John Bowman was Pitt’s Chancellor from 1921 to 1945. It was his vision, persistence, and sheer will that created the building so beloved and admired today. Bowman was chancellor when the young Robert Lavelle saw, in his elementary school classroom, that intriguing drawing of a cathedral without a spire.

A generation ago, thousands of people of all ages saw the Cathedral’s promise and its hope, and they embraced the ideals expressed in the tower’s soaring architecture with enthusiasm, hard work, and self-sacrifice. Now, it’s time to ensure that the University’s architectural crown jewel remains an enduring beacon of aspiration and learning for all who pass this way.

Perhaps Bowman said it best during the Cathedral of Learning’s construction: “They shall find wisdom here and faith—in steel and stone, in character and thought—they shall find beauty, adventure, and moments of high victory.”

May these words ring true, always. To preserve this legacy, please visit www.treasures.pitt.edu or call 1-800-817-8943.

Notes from Novak

The University of Pittsburgh’s landmark capital campaign has broken many fundraising records; achieved many institutional goals; and, most importantly, helped to lay the foundation for future generations of Pitt people. Thanks to the extraordinary generosity of Pitt alumni and friends, our fundraising efforts have raised more than $1.063 billion to support the University!

When we started this campaign, we began with a vision for excellence and a bold new concept for support. Now, nearly 10 years later, gifts from donors have helped to transform the University of Pittsburgh into an even greater institution of higher education. Your support will impact the lives of students and faculty far into the future.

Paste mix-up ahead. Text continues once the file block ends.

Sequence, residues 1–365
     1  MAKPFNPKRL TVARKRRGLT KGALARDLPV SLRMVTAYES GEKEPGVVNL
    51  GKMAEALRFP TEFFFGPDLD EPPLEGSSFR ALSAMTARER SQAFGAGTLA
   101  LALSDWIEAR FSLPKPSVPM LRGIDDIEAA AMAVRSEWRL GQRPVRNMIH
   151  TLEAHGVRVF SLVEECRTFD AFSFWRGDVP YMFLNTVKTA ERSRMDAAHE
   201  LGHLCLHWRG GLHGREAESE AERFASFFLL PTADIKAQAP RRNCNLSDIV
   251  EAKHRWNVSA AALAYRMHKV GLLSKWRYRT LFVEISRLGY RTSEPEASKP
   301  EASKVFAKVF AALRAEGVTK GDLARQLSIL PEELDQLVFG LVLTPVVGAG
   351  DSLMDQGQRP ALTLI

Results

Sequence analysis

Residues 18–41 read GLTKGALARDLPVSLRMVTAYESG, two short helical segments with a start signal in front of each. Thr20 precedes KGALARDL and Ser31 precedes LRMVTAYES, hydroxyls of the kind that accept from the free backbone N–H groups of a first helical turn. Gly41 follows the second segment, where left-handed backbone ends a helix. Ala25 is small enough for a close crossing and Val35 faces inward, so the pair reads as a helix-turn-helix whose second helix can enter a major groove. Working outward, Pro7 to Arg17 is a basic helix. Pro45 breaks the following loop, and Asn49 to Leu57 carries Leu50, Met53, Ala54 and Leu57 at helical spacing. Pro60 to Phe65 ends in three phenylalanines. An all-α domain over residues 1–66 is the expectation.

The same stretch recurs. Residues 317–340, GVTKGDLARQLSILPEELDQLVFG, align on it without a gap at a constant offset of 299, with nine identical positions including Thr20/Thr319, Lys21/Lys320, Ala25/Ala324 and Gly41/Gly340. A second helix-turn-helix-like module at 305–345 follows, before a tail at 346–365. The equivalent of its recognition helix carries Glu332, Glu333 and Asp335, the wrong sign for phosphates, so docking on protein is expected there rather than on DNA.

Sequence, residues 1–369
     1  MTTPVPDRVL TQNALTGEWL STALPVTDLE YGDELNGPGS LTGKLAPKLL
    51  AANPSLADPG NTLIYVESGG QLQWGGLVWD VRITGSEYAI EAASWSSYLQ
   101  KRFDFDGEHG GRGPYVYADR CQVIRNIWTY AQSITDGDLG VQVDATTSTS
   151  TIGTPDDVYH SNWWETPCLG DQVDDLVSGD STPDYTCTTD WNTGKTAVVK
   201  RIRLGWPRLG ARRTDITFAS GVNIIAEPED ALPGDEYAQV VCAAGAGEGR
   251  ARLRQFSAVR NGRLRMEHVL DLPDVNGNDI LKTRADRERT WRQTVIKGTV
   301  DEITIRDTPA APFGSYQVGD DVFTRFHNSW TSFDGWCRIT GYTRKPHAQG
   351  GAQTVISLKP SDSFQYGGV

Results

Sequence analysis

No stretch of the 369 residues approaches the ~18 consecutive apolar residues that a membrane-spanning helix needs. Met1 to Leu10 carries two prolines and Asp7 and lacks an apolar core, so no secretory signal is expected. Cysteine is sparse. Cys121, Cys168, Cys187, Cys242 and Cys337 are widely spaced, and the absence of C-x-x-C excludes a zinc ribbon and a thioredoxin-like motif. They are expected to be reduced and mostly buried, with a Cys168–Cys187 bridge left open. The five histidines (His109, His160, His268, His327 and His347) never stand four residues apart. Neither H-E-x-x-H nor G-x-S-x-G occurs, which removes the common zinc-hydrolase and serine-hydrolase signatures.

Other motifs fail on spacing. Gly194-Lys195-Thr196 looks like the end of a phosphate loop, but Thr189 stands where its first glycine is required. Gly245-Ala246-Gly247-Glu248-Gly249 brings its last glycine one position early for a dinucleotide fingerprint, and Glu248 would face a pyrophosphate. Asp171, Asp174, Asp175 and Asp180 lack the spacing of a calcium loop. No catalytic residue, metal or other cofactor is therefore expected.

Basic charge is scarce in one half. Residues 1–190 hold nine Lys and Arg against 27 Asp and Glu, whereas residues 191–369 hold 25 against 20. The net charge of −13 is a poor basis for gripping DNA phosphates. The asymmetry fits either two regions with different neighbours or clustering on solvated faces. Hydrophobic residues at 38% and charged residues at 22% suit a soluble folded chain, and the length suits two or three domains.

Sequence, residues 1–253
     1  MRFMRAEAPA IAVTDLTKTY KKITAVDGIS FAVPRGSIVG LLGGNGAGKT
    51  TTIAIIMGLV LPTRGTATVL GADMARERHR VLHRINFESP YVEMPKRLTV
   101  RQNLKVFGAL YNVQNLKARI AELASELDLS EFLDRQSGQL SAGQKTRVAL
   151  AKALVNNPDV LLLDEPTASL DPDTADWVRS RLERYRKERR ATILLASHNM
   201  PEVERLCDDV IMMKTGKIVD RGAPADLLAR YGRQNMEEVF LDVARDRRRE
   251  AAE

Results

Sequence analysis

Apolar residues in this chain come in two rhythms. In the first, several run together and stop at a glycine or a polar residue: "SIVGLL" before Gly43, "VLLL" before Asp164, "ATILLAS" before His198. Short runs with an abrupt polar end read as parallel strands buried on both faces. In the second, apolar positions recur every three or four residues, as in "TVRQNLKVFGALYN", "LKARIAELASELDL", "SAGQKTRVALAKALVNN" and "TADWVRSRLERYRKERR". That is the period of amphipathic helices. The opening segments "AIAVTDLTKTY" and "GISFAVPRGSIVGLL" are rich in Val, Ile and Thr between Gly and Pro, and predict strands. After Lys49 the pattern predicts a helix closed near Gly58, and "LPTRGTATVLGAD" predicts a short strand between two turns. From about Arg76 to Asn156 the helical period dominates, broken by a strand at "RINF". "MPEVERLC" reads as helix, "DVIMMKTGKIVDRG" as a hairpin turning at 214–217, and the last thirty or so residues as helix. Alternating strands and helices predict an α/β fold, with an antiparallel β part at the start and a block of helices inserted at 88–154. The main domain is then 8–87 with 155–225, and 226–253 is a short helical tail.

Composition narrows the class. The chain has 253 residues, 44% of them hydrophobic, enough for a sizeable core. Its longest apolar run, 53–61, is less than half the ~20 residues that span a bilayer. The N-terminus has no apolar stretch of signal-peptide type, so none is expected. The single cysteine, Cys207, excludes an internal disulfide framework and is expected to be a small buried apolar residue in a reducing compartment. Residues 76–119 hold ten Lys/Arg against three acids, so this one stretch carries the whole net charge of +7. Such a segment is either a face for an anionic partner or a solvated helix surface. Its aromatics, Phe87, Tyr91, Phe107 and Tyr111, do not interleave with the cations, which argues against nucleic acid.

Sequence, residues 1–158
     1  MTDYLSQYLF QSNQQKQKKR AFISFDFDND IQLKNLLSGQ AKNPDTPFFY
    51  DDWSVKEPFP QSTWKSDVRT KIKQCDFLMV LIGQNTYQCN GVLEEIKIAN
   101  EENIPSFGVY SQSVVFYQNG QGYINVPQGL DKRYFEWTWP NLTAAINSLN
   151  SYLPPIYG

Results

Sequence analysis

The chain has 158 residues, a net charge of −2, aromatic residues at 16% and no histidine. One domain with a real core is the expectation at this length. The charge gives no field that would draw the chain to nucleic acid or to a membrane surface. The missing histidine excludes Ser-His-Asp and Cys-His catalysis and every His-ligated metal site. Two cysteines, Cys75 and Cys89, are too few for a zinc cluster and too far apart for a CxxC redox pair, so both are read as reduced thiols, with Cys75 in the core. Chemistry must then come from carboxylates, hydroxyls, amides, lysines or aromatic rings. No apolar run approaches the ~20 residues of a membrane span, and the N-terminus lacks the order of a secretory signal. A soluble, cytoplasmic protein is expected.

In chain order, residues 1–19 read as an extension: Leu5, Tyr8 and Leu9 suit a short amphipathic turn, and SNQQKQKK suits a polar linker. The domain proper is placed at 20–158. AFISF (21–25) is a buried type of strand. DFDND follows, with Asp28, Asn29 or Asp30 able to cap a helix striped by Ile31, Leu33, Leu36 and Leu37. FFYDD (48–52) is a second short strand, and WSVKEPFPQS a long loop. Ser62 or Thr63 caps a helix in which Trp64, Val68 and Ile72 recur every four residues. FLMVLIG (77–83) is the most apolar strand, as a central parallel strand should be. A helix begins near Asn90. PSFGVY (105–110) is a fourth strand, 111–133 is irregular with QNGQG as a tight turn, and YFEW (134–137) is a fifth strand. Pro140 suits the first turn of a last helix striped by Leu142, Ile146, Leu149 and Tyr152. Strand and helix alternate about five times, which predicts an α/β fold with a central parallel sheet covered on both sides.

Here are a few ways we have made a difference together through fundraising:

  • We have helped thousands of students earn the promise of a college education by creating 381 new endowed scholarships and fellowships;
  • Our efforts have helped the University attract and retain the nation’s best educators by establishing 90 new endowed chairs and professorships;
  • The campaign has provided researchers with the resources to make groundbreaking academic and medical discoveries; and
  • We have helped bring additional world-class facilities to the University’s Pittsburgh campus and the regional campuses in Bradford, Greensburg, Johnstown, and Titusville.

Thank you for supporting Pitt—our students, our faculty, and staff—with your generosity. You truly are helping us build a better tomorrow for future generations—one gift at a time. Hail to Pitt!

—Al Novak

For more information about the Discover a World of Possibilities campaign, go online: www.giveto.pitt.edu

Campaign Watch

Institutional Advancement is committed to reaching the University’s ambitious new $2 billion goal. Pitt’s alumni and friends have contributed generously, making our current campaign status $1.063 billion!